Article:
Michael Lugo sits ringside sipping coffee and keeping a close eye on two teenagers throwing jabs.
“We are promoting the sport of amateur boxing, Olympic-style boxing to help kids find a better path, an outlet, as opposed to getting in trouble, staying in the streets, dealing with anxiety, depression, bullying,” said Lugo.
As the Olympics get underway, there’s one amateur sport with a rich history that often doesn’t get the funding many other youth sports receive.
The walls of the gym Lugo operates in Cobb County are covered in championship belts and posters. Punching bags hang from the ceiling. And the place is busy again after an uncertain 16 months.
“Boxing gyms don’t make a lot of money, we’re a poor man’s sport,” said Lugo. “Most of us offer services for free. So when the pandemic hit, the lights went off, the doors had to close, which also put our youth at more risk.”
Boxing legend Evander Holyfield, who grew up in Atlanta, credits a youth program with starting him on a path that eventually led to heavyweight titles. Lugo says young boxers can apply what they learn in the ring to other parts of their lives.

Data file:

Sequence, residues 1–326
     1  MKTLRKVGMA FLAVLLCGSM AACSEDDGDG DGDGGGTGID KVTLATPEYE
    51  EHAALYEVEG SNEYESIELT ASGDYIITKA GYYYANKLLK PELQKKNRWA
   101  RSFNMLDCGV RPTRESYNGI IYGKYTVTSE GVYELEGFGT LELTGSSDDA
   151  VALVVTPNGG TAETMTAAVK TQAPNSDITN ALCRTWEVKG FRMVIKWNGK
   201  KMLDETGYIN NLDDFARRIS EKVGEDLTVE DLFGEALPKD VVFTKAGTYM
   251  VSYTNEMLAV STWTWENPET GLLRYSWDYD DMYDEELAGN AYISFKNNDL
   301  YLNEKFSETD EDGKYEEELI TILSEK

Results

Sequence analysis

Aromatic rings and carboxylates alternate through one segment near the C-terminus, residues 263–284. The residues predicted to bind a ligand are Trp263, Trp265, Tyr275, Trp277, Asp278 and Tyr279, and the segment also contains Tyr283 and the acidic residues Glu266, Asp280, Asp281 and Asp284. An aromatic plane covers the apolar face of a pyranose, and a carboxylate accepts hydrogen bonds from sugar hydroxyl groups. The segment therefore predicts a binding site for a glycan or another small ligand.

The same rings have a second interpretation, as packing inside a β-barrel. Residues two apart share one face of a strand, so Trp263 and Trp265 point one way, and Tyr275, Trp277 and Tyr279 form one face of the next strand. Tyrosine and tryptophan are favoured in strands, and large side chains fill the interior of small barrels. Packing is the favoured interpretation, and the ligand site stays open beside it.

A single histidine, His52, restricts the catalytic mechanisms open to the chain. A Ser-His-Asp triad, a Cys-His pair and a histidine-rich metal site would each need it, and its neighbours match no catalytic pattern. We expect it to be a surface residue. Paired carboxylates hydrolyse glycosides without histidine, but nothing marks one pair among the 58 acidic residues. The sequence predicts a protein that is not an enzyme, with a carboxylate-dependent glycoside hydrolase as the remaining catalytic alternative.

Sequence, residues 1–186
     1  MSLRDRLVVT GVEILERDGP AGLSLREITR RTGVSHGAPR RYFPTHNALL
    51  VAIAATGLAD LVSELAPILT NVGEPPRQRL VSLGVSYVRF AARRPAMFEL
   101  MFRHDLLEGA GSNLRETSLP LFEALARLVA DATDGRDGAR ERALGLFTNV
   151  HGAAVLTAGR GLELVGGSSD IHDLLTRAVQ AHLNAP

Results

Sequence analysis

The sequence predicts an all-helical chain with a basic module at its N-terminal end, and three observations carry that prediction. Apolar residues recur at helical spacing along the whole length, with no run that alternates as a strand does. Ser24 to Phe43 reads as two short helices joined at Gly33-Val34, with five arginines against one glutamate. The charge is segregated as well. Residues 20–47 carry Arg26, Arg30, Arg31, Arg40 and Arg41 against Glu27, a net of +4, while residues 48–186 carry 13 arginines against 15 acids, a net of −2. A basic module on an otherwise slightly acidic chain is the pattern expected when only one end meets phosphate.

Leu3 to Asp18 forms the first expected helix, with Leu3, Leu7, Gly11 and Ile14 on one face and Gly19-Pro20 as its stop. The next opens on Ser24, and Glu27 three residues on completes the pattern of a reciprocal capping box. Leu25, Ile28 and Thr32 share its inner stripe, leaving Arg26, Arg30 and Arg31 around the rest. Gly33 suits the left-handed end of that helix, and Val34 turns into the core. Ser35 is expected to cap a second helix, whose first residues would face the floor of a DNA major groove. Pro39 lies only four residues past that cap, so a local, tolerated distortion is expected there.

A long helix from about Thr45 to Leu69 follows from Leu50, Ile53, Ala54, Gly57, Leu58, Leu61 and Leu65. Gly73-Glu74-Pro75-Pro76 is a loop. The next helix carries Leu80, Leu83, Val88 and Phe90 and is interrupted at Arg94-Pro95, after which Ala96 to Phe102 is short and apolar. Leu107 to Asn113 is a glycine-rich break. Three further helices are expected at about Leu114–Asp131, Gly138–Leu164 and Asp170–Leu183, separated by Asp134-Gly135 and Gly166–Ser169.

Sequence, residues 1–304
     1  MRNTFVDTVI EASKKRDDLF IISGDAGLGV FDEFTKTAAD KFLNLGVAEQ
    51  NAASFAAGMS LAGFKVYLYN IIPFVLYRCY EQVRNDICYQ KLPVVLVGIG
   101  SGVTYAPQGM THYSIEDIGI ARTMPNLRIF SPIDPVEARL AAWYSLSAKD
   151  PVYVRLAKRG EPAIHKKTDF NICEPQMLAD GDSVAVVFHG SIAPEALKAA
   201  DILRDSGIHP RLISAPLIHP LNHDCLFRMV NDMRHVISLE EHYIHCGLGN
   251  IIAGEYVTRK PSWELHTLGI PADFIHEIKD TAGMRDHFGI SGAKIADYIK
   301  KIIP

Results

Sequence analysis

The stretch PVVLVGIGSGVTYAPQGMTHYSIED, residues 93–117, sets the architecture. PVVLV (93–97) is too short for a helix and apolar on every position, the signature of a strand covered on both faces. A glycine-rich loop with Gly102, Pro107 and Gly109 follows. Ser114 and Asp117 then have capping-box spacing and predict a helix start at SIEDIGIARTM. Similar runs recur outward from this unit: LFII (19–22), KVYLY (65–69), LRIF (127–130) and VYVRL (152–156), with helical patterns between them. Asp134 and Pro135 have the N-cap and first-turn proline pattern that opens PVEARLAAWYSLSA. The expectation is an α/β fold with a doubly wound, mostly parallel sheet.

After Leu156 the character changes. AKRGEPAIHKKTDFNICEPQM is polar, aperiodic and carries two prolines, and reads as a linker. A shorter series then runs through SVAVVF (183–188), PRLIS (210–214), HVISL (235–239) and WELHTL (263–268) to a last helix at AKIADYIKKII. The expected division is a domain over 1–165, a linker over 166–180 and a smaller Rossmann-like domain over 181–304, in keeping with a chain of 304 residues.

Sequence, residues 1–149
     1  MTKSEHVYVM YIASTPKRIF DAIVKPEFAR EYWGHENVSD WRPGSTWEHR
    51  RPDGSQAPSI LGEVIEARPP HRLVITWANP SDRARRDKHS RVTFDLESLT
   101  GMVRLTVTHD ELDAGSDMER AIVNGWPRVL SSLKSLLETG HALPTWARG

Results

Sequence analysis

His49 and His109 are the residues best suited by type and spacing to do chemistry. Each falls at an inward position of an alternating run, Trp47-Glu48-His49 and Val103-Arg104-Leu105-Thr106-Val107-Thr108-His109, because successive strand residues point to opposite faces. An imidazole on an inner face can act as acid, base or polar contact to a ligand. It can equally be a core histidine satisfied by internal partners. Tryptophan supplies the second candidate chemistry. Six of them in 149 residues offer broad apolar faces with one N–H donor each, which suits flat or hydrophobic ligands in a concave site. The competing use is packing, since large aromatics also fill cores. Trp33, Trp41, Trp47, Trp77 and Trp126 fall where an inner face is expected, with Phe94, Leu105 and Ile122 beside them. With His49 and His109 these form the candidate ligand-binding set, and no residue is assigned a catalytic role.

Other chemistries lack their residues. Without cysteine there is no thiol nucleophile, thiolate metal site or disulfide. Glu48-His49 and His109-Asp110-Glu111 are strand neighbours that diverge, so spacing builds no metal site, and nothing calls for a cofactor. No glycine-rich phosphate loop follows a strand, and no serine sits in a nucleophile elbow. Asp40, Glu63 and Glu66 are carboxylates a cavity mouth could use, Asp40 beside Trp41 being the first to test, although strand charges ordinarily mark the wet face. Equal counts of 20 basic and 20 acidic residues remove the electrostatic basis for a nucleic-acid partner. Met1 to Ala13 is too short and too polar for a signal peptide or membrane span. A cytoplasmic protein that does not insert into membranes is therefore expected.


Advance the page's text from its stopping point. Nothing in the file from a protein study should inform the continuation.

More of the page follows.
“For us, there’s no clear cut line that separates the two,” said Lugo. “You come into the gym, you work hard, you put in effort, you’re going go outside these doors and you’re going to put in that same type of effort.”
But many of the thousands of amateur boxing gyms in the U.S. struggled to stay open during the pandemic. Among those pitching in to bolster funding is 18-year-old rapper DICI, who says he got into boxing last fall as a way to get into shape and focus his mind.
“How much time I put in, is what I got out,” said DICI. “And the discipline that I learned in boxing really helped me on that side and it kind of carried over as well [to music.]”
The sport helped him so much, he says, it inspired a new single called “Five Rings”. He’s donating the profits to USA Boxing, which has 1,700 member clubs including nearly 40 in Georgia.
“USA Boxing, they don’t have huge sponsors like track does for the U.S. team, so they don’t have money to be balling, they’re limited,” said DICI, noting the extra expenses brought on by COVID-19 testing and precautions.
He hopes his support for boxing programs will help young people get involved in the sport, like he did.
“You may not always see thousands of people in the stands watching you, but you know through the support that you get, whether that’s online or people donating, that people are still backing you,” said DICI.